In today’s world where recruiters and hiring managers search online to find and vet potential candidates, being a “shadow” person can hurt you.
I use the term shadow people to refer to those with little to no professional information available about themselves online.
In my experience helping 100s of job seekers, I’ve seen job hunts for VP, SVP and C-Suite roles facilitated when online searches yield information, and more importantly when searchers are impressed by what they see.
The bottom line? Growing your online presence from a shadow to a full-on footprint is a necessary evil when targeting executive roles – that once embraced can reap great ROI.
Rome Was Not Built in a Day
Building your online presence will not occur overnight. It takes at least 30-45 minutes per week and should complement (not copy!) your career marketing tools like a resume.
These 4 steps can get you started.
Choose a Platform
There are many networking platforms from which to choose nowadays. Which one (or two) work best for you will depend on your career aspirations.
By far the most common platforms from which to network professionally are LinkedIn, Facebook and Twitter. However, if you are targeting a creative role, you may want to consider additionally going on sites like Instagram, Pinterest or even Snapchat to showcase your skills.
TIP: Most platforms allow you to hold more than one account, and many choose to have both personal and professional accounts. Manage your privacy settings by making personal accounts private so that searches will only reveal details about your professional persona.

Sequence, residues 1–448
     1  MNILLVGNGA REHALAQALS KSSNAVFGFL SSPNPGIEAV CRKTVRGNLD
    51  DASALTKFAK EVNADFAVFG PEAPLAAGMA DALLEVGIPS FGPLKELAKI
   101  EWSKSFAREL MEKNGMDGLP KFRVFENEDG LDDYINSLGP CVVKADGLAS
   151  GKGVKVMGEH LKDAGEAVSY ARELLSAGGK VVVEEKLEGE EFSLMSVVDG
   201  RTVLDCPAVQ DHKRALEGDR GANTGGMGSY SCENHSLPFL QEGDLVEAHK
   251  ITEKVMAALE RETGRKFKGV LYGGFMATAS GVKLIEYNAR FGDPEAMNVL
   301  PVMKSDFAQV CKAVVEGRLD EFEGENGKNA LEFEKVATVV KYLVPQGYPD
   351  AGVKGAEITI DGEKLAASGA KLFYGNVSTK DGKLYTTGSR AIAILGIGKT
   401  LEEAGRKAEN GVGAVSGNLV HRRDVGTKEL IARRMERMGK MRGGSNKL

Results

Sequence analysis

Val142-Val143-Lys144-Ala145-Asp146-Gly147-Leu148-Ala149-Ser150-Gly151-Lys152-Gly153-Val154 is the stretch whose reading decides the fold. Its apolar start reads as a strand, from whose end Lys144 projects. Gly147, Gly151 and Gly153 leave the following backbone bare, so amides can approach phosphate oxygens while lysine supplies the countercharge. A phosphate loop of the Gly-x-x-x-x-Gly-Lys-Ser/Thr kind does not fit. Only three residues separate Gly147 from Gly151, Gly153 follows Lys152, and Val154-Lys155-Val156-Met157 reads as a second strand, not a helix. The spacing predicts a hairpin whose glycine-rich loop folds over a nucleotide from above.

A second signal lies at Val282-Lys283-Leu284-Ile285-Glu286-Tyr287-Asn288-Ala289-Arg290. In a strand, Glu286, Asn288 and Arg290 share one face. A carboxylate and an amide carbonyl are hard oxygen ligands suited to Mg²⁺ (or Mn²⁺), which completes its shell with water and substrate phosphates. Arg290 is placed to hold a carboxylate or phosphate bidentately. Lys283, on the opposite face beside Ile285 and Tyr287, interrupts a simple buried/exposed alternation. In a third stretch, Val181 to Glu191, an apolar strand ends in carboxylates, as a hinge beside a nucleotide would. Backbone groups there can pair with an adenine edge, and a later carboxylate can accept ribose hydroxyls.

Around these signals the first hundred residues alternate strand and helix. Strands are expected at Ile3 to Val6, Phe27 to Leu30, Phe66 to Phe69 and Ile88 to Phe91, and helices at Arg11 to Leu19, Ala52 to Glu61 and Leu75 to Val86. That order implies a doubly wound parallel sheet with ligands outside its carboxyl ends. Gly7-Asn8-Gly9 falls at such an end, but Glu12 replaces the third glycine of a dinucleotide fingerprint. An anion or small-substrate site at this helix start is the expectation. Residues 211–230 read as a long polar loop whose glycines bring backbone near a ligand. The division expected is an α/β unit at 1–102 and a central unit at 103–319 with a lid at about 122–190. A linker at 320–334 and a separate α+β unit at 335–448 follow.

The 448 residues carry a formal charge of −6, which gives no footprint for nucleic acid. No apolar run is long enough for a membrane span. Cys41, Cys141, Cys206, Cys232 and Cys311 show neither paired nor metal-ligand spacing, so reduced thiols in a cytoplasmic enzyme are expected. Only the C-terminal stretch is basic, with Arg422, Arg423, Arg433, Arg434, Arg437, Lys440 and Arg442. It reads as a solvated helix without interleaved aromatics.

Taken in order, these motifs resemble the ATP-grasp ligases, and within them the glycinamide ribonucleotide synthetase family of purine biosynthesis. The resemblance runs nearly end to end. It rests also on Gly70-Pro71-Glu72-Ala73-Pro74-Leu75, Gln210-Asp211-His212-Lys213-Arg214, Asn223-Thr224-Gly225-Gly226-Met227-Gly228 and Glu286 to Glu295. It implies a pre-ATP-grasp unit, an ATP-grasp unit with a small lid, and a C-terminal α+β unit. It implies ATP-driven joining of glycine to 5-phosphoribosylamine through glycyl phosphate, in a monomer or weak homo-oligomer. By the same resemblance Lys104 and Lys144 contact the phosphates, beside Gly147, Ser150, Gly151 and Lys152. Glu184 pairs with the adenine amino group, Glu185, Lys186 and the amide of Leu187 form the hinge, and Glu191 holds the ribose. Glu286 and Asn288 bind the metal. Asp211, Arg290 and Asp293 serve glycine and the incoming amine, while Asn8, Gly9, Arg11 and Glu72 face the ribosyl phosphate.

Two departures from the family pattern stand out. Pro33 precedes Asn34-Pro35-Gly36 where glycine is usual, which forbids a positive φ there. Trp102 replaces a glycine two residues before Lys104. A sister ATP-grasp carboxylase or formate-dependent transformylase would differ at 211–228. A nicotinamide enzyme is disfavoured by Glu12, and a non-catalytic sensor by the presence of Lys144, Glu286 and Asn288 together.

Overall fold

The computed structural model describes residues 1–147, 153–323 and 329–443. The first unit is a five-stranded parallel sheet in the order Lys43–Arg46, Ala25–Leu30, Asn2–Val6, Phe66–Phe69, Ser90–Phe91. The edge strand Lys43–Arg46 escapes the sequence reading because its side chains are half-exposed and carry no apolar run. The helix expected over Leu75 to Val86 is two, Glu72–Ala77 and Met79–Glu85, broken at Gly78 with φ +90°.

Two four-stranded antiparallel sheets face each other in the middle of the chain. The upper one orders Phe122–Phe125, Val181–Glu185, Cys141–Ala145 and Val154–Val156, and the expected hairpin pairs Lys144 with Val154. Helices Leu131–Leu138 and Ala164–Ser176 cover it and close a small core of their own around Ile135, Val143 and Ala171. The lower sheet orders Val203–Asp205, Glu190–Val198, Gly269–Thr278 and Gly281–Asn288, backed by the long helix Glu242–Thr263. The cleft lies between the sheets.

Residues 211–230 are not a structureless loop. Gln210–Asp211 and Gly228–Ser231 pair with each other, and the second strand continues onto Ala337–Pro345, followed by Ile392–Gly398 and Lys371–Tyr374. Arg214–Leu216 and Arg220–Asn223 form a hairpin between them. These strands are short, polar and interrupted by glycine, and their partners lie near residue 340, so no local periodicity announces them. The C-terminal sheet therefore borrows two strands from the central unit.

Find + Share Content
You can build and grow your online footprint by finding and sharing the articles and thoughts of others – providing the content relates to the industry or roles to which you aspire.
Simply “liking” on Facebook or LinkedIn, or hitting “retweet” on Twitter, require just seconds of your time. If you have a bit more time to invest, add some thoughts before hitting send.
Stumped for material? Online industry magazines and newsletters are chock-full of interesting articles – and most list the logos associated with common social media platforms that make sharing easy.
TIP: LinkedIn Pulse contains wide-ranging, share-worthy articles, as do free content gathering (known as content aggregator) sites like Scoop.it and Flipboard.
Make a Habit
Posting regularly can keep your name front and center – or at least at the tip of a recruiter’s tongue. It will also help you remain in the feeds of your connections. As a rule of thumb – 1x a day is a great place to start, however, 2 or 3 times a day is better.
Tip: Tools like Buffer and Hootsuite are free, and allow you to schedule messages ahead of time across the platforms of your choosing.
Start Talking (Virtually!)
Engage with others online who post about topics that interest you and relate to your career aspirations.
Your level of engagement can be small or large. Easy efforts might include telling someone you appreciate their writing/sharing this article. Have more time? Articulate your thoughts on parts or all of what you’ve read.
Tip: LinkedIn Groups are a perfect place to take that first step – as there are thousands of groups organized to discuss specific industries, job functions and even regions of the country.
Evolving from a shadow person to having a professional online footprint in my view is a win-win with little to no downside.
If you are content with your role – an online footprint might help you to expand your network and yield more business.
If you are eager to make a career move – then an online presence or brand can only help to reinforce your professional profile.
Why not start now?